"Yep I'm the last one who knows nothing about nothing," jokes John Morrell when I call him. His family owned the mesa land for three decades, beginning in the 1940s. His grandfather, also named John Morrell, used it as spring pasture for his cattle, as Guy Hammond had, then deeded it to his son Jack for "love and affection and other considerations." The younger John began helping with ranch chores when he was 6 years old, just big enough to ride a horse. But when he graduated from high school, there was little money in the cattle business, so he began a career in the local coal mines. John and his wife, Charlotte, now live less than two miles from the mesa top, in a house with a similar view of the mountains.
John says that the Foote house was torn down long ago, but he remembers seeing its rock foundation as a boy, and tells me that I should still be able to find some remnants of the place. He gives me rough directions: right side of the road, east end of the cross ditch, middle of the old hayfield. One morning, I follow the shallow irrigation ditch, now little more than a shadow in the weeds, until I reach the spot, which turns out to be just steps away from where my husband and I got married. But aside from a suspiciously straight groove in the dirt, I can find no sign of the Foote house -- no foundation rocks, no debris, nothing. In just a few decades, it seems, the house has completely disappeared. I stand on the flat ground where George Foote might have dreamed his entrepreneurial dreams, and Elizabeth Foote might have, fatally, dreamed of irrigating her plot of land. I look to the west, where an overgrown gully leads downhill to the Fire Mountain Canal.
What had I been looking for in my stack of old deeds and newspapers? Even I didn't quite know. Maybe I'd hoped to find a wise grandmotherly figure, someone I could imagine advising me about diapers and baby food and all the demands of new motherhood. Or a farmer with a yen for world travel, someone whose example would help me stitch together my love of the quiet mesa and my longing for far-flung adventure. Instead, I found an uneasy ghost.
The holes in my history of this place are enormous. I have only a few clues to the individual lives of the Utes who summered here. I don't know how Guy and Lena Hammond felt about the land, or if, in the hubbub of their busy days, they paid much attention to it at all. I don't know if Elizabeth Foote really loved her home, as people said, or if, as a young unmarried woman, she felt trapped on this windy hill.
I do know more about the mesa than I did a few months ago, and the knowledge makes me feel both less and more at home. The families who lived here are not mine. This may be my daughter's birthplace, but she has no deep roots here, not in the usual sense. Somehow, though, the life and death and mystery of Elizabeth Foote brings me closer to home, for now I'm one of the keepers of her story.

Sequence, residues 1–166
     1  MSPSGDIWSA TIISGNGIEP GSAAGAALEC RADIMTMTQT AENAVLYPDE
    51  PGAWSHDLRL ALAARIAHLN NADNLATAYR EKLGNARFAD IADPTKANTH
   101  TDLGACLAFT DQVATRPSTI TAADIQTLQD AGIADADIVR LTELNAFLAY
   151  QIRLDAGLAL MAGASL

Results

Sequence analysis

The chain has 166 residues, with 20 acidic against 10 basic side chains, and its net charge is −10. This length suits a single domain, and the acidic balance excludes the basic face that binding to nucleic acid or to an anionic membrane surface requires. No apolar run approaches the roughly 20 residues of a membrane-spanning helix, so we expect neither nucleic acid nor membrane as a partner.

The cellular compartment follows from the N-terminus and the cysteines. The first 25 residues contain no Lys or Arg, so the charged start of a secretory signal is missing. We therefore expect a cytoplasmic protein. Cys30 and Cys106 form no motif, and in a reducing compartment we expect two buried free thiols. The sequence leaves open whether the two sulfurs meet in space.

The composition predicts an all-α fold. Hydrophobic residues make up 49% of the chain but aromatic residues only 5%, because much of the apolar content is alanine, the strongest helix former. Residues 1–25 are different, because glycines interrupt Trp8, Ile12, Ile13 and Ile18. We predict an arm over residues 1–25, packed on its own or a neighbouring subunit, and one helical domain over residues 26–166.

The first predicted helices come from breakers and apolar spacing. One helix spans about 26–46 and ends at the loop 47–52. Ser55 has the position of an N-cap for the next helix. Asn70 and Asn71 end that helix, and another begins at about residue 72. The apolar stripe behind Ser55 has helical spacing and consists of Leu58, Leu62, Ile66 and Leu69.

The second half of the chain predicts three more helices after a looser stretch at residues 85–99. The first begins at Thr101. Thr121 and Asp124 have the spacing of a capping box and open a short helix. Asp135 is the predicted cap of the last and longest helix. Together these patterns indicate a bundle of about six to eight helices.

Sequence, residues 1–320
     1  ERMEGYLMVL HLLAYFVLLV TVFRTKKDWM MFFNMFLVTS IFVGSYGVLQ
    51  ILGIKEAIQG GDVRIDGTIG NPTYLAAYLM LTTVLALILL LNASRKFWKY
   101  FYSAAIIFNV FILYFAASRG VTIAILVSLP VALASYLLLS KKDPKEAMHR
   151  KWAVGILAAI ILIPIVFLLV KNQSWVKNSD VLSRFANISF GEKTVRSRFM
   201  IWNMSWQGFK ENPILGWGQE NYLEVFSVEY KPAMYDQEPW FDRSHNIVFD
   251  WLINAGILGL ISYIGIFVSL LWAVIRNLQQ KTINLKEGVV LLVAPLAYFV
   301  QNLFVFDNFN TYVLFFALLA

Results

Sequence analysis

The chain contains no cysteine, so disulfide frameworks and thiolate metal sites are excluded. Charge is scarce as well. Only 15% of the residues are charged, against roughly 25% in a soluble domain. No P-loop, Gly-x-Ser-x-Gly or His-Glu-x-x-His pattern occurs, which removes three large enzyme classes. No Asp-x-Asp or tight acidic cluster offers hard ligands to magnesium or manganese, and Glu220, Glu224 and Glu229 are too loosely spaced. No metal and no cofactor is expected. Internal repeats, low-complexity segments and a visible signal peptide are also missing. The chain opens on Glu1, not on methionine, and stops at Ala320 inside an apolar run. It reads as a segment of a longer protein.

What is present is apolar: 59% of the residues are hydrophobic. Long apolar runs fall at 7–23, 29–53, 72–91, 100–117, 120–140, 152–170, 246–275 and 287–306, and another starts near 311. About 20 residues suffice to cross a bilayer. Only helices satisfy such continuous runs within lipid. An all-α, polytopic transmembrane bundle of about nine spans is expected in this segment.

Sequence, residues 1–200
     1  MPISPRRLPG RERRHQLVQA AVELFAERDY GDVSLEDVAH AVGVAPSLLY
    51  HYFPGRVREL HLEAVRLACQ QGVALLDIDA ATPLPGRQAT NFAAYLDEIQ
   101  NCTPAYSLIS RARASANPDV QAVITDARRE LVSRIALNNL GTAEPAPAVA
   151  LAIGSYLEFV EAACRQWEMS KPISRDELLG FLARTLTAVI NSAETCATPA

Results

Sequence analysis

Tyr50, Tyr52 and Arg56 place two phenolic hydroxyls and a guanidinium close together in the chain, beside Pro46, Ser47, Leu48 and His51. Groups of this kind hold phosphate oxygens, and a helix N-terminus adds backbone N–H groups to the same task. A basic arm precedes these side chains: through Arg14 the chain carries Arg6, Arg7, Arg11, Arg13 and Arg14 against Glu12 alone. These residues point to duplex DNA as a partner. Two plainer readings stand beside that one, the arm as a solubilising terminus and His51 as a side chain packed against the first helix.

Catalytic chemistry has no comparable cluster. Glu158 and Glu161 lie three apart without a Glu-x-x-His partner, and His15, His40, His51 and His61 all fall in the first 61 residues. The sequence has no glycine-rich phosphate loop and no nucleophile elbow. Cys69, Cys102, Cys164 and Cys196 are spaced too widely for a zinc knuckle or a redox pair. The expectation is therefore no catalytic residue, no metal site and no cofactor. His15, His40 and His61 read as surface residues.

When I moved here 10 years ago, the mesa looked, to my 25-year-old eyes, like a blank slate, a peaceful place with enough room to install our solar panels and cobble together our dreams. Elizabeth Foote reminds me that we were far from the first -- and will be far from the last -- to try to make the mesa home.
Our group of friends has owned these 80 acres for a decade and a half, and already most of us live elsewhere, pulled away from our shared land by careers or illnesses or family obligations. We're happy to see one another when we get the chance, but of the original group, only two families remain on the mesa full time. It's still a lively place, and, as in the Foote era, it's brimming with girls. Our daughter is learning to walk, our young neighbor is reading and writing, and a family with three little girls has moved a yurt onto the property across the road. The evenings are filled with happy shrieks. The grown son of one of our group brings his wife and daughters to visit every few months, and they talk about tearing down his parents' weather-damaged mud-brick house and building a cabin of their own. This land might pass to his generation and beyond, but before long, it will be sold again. Someday, our house will be torn down, too. Maybe, decades from now, someone will look for its foundation.
In my search for a home place, I sometimes catch myself longing for a place of no surprises, a refuge from uncertainty. But home -- no matter where we happen to find it -- is just as beautiful and dangerous and changeable as anywhere else, as full of mysteries and restless souls.
The Fire Mountain Canal still hugs the base of Foote Fields, and when it fills with snowmelt, its current runs smooth, fat and fast. Sometimes, on summer evenings, I walk along the canal road, my daughter on my back and my husband beside me. I often think about Elizabeth stumbling downhill in the dark toward the cold water, her feet bare, her nightgown too thin to keep her warm.
Also see "A conversation with Michelle Nijhuis" for an exclusive interview with the author and more of JT Thomas's photographs.